Fredrick Zydek

Letter to Grangitano a Few Years Later

Dear Michael: I'm writing to apologize for having
a large blown-up photograph of your face printed
on the pinata they filled with candy and money
on my 65th birthday. I did my best to smash it.
I figured I had earned the booty. Nothing I did
broke the damn thing open. Not even David
Shurter, a much younger man than I, could crack
open your skull so the candy and money would
spill to the floor. Retired General Jim Murphy
(his wife Rita was once a greeter at our church)
was unable to smash the papier-mache globe of

booty that hung from the living room ceiling,
and he's had the best military training available.
In the end, it was a nun, the head of the local
Gandhi Peace Foundation, who cracked the pinata
open. When I asked her how an old lady like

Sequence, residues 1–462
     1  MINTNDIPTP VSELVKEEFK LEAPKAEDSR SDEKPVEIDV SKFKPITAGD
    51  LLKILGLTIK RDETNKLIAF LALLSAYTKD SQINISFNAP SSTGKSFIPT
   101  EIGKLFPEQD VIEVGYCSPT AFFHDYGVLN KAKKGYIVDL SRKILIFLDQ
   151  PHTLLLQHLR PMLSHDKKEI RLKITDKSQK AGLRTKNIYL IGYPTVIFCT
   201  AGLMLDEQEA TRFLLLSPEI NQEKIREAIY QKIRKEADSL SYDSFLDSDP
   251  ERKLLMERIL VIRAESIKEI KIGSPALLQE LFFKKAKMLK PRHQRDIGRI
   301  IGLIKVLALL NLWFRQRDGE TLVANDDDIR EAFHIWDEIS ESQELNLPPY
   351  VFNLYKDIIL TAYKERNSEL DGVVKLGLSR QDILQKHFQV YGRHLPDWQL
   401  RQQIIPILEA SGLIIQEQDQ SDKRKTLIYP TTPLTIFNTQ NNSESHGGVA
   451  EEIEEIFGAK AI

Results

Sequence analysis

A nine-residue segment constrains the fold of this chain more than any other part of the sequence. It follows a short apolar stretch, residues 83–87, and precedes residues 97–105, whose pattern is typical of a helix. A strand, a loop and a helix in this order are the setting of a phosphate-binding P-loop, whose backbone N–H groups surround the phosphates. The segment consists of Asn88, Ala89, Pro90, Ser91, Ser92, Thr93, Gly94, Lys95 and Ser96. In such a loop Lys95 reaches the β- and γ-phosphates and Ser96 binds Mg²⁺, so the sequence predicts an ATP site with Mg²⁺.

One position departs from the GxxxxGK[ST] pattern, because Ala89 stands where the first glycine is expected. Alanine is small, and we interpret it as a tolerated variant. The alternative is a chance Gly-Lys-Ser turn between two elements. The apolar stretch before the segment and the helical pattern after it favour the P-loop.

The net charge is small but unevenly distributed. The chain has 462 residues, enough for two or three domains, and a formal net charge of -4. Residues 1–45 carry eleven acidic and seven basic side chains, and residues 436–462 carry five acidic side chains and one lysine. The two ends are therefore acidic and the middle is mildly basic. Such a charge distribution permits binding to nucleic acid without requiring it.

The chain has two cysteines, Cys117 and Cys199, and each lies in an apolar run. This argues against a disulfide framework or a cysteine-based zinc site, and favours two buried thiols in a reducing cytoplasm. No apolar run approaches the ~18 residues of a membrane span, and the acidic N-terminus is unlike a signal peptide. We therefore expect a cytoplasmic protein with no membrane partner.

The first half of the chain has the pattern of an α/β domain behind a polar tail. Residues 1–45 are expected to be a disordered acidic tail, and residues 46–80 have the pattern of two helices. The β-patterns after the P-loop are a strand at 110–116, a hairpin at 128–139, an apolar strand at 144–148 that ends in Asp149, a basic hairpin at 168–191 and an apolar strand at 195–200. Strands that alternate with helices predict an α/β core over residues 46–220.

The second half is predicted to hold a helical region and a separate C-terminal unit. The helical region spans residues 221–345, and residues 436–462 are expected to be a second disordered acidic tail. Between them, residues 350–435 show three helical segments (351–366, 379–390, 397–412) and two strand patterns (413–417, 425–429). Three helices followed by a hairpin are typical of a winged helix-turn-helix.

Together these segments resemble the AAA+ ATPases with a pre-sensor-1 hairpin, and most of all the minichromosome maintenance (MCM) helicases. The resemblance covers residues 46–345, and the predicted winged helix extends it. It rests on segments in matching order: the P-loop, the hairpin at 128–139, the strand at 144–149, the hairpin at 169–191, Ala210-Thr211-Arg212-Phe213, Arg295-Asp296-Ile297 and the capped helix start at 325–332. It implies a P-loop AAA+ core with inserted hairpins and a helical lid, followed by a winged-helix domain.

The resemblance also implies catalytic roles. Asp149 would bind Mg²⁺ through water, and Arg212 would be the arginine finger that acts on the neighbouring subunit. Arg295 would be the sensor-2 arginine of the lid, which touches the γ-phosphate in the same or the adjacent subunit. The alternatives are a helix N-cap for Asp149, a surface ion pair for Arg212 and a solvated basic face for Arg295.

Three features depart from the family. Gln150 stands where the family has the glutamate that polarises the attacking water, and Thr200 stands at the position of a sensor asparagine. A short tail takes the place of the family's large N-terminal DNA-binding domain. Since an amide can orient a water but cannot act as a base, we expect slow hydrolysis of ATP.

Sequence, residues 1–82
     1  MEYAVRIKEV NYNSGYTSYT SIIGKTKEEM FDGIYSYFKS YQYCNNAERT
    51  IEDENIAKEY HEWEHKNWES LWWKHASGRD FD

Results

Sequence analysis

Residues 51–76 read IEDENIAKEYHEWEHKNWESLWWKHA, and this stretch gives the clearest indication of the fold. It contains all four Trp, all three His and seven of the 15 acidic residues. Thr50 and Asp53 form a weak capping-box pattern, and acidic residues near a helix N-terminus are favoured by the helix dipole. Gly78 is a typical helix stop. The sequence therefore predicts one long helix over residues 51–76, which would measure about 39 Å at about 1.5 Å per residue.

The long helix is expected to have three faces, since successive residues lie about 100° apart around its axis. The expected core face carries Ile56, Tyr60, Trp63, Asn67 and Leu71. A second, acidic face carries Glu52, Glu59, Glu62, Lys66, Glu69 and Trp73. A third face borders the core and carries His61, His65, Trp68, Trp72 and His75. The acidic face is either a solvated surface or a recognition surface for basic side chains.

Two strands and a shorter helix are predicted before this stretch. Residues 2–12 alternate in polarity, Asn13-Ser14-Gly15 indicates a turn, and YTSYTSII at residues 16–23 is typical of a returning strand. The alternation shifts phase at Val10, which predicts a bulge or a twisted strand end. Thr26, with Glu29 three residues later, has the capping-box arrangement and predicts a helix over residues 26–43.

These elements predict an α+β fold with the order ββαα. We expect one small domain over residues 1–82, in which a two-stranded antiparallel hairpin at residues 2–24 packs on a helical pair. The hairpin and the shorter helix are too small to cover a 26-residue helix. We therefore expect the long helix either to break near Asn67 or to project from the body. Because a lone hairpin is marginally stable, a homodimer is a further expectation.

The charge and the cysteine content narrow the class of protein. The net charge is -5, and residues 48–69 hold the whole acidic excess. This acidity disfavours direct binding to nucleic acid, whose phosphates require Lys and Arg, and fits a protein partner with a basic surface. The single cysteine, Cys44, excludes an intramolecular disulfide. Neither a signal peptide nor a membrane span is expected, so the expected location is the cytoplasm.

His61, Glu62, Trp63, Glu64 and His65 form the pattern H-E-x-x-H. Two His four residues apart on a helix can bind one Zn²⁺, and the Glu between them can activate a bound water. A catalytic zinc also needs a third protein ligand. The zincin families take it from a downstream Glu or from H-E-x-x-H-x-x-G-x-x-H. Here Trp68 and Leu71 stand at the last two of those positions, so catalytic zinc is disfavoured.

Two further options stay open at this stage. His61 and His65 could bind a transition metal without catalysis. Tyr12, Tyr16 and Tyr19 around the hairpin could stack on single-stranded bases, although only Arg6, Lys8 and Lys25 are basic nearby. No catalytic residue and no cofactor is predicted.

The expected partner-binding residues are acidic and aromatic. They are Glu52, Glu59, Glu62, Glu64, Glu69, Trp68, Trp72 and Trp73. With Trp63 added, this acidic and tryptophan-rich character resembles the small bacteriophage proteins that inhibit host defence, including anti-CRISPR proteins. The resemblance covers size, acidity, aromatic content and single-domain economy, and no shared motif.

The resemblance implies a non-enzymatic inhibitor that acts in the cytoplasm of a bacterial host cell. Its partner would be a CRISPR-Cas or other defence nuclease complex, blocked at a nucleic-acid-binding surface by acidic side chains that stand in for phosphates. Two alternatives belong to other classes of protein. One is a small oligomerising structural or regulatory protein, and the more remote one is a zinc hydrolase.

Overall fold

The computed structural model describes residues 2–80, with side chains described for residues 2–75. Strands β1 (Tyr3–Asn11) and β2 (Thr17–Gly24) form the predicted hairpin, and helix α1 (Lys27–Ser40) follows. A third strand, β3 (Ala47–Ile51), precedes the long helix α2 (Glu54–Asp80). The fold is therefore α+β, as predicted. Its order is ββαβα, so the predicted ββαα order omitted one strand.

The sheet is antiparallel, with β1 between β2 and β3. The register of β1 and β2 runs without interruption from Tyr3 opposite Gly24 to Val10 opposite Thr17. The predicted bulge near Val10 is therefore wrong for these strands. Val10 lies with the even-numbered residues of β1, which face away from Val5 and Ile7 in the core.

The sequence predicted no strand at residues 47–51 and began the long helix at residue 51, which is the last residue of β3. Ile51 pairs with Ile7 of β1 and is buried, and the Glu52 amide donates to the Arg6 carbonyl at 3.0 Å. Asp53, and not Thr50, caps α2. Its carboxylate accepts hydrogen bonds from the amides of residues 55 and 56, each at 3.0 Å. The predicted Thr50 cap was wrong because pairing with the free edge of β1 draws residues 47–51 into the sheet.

her ended up with more muscle than the rest of
us, she said, "Honey, you can't hit knuckles with
a ruler for twenty-five years in the classroom
without developing some pretty worthy biceps."
She finally turned to a life of peace. I sat in
rapture the night she took me to listen to Gandhi's

grandson talk about his life as a child with the
great man. It was his talk that helped me under-
stand it was time for me to forgive the money
changers and return to the temple. I went back
ready and willing to forgive any of the trouble
makers still on the property. To my amazement,
I didn't have to forgive anyone that day. They
were all gone. I went to a burning-bowl ceremony
anyway. Instead of writing each of their names
on a piece of paper, I just wrote, "Lord, forgive all
those assholes, and help me do the same someday."

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